„We were trying to do something completely different than anything we’d heard”

Last year we already had a conversation about Watchtower’s second album Control and Resistance with mastermind drummer Mr. Rick Colaluca. This time he speaks about the first effort of this excellent band, titled Energetic Disassembly. About the very first prog thrash record!

Rick, Watchtower made its recording debut in 1983 with an early version of the song Meltdown, which was included on the Cottage Cheese from the Lips of Death – A Texas Hardcore Compilation LP. Did it help you a lot to make a name for the band and to attract any label interests and/or any fans’ attention?

Yes, that recording gave us exposure to fans of hardcore music, which was a new demographic for us. And the song fit well on the record, being very thrashy. It definitely helped us grow.

You also recorded two demos (Boss Recordings – 1983, Meltdown – 1984); were they widely spreaded in the underground, in the fanzine/tape-trading circuit?

The stuff we recorded at Boss remained pretty much underground for a long time, given that soon after we re-recorded all of the ED (Energetic Disassembly) stuff for inclusion on the LP.

Were you part of that new metal approach by the way? Was the whole underground thing a brand new world?

It was all pretty new. There really wasn’t a metal scene (or much of one) in Austin at the time, but bands all over Texas were working hard to make it happen, and soon after the legendary Texas metal scene was born.

In your opinion, what caused this new metal movement at that time? I mean tons of small bands have popped up from everywhere around the world and things like that…

It’s hard to say. It just seems like the world, and Texas in particular, was ready for something new and within a few years technical metal was everywhere.

At which point did you enter the studio to cut your first album Energetic Disassembly? Were you prepared to record the material?

We entered the studio after winning some free recording time in a local battle of the bands. We recorded 2 or 3 songs in that studio, then finished up at Cedar Creek studio. We were pretty well prepared, having played the songs for quite some time by that point.

What about the recording sessions?

They went well overall, despite that fact that we hadn’t much experience recording and really didn’t know what we were doing. The production on ED can be difficult to listen to for many.

How much time and budget was at your disposal to record the album?

I can’t remember. I know it took quite awhile to get it all recorded and mixed, but I can’t remember what it cost to do it.

Is it correct, that all the tracks except for Violent Change are from The Boss Recordings from 1983? Does it mean that you didn’t have enough time to write new songs or…?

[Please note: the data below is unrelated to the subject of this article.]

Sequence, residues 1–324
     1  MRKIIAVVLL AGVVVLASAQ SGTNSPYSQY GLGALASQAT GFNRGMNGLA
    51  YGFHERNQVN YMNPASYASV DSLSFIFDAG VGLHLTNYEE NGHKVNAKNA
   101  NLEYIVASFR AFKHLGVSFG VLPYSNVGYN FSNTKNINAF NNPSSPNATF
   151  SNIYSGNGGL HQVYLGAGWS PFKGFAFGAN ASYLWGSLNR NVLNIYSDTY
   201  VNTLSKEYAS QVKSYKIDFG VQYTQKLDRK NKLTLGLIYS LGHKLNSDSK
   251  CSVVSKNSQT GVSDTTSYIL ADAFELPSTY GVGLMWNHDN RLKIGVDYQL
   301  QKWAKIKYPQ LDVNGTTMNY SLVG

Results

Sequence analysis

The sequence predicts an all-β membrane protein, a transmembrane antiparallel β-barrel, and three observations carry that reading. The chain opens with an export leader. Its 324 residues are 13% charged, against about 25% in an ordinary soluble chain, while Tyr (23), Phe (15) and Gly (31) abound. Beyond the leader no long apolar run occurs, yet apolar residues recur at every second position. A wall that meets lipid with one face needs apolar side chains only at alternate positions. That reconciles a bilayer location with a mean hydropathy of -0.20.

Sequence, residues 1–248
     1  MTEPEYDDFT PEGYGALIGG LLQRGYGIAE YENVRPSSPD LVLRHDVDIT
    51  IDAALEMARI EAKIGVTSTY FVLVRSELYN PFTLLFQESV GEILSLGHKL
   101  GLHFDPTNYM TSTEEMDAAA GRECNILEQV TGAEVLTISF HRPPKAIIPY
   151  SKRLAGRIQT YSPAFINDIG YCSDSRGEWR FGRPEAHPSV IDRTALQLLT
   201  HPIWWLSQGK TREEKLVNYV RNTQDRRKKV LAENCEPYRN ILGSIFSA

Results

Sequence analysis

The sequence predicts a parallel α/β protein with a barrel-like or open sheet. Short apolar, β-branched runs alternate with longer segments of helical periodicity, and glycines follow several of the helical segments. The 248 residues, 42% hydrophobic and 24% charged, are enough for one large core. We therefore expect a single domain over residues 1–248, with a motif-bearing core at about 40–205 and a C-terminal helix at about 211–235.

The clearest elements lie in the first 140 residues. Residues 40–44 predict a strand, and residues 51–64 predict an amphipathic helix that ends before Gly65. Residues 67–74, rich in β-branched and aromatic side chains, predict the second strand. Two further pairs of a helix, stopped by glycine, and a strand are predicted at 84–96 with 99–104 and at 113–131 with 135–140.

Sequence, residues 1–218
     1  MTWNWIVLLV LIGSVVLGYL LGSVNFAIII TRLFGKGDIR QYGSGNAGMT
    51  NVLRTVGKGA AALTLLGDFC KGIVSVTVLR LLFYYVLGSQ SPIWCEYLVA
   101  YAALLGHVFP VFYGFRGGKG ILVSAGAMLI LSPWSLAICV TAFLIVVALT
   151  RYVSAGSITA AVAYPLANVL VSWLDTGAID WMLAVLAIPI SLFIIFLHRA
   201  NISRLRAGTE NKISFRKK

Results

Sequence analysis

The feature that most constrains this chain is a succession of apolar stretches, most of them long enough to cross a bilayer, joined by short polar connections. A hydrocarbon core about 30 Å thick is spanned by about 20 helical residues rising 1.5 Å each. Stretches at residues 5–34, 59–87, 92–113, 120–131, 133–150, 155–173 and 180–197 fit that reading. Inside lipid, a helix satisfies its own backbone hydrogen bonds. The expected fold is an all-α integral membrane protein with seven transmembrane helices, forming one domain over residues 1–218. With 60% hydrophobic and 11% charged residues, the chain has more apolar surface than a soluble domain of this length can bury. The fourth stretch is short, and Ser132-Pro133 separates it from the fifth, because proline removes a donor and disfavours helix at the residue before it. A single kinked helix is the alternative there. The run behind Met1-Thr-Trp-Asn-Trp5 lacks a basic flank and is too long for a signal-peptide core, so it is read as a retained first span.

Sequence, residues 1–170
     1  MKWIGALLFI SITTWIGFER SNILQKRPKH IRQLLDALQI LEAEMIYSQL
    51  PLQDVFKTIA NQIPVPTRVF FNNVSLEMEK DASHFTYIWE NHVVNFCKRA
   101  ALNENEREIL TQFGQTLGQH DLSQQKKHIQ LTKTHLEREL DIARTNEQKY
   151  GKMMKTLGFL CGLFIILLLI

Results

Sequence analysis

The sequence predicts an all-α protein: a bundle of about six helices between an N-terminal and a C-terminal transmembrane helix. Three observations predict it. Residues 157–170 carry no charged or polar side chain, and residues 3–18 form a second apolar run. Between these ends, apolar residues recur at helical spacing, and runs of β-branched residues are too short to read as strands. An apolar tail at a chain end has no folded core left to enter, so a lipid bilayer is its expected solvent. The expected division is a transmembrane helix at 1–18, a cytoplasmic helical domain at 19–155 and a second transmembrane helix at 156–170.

No, we re-recorded everything for ED after we had already recorded them once at Boss. None of the Boss recordings made it on to the Energetic LP.

Is this debut generally considered to be the recording most responsible for the development of the progressive metal genre? It is full of complex time changes, breakneck tempos and wailing solos.

I don’t really know. I know we were among the first to combine the elements of technical music along with the elements of metal, but there were others that came out about the same time doing similar things.

You were credited as being the first Progressive Metal band, weren’t you?

I’ve heard people say that, but history will decide that, not me!

Would you say that everything about it is completely unique; the mad drums, overpowering bass, razor-sharp guitar and the high pitched vocals?

Unique, but in familiar ways. We all had influences that made their way into our personal styles.

Was Energetic Disassembly an album way ahead of its time both musically and lyrically, almost futuristic in the sound?

I wouldn’t say ahead of its time, but perhaps a little unexpected given other things that were happening musically at the same time.

Do you think that the music was written in a way to show off the musical ability and skill of the band members?

Not so much to „show off”, but to express ourselves musically. It just so happened that this expression was a little over the top.

All songs were written by bassist Doug Keyser, right?

Doug and Billy wrote all of the lyrics and riffs, we composed and arranged the songs together as a band.

Is the music fast, ferociously technical, and overtly flirting with progressive structure?

I can agree with all of the above, yes.

Billy White’s style of riffage is rooted in the same thrash style as Slayer’s, your drum work shows signs of jazz influence, Doug Keyser’s contribution with the bass is the most subtle of the instrumentalists, but it sports a technical prowess that almost parallels the guitars…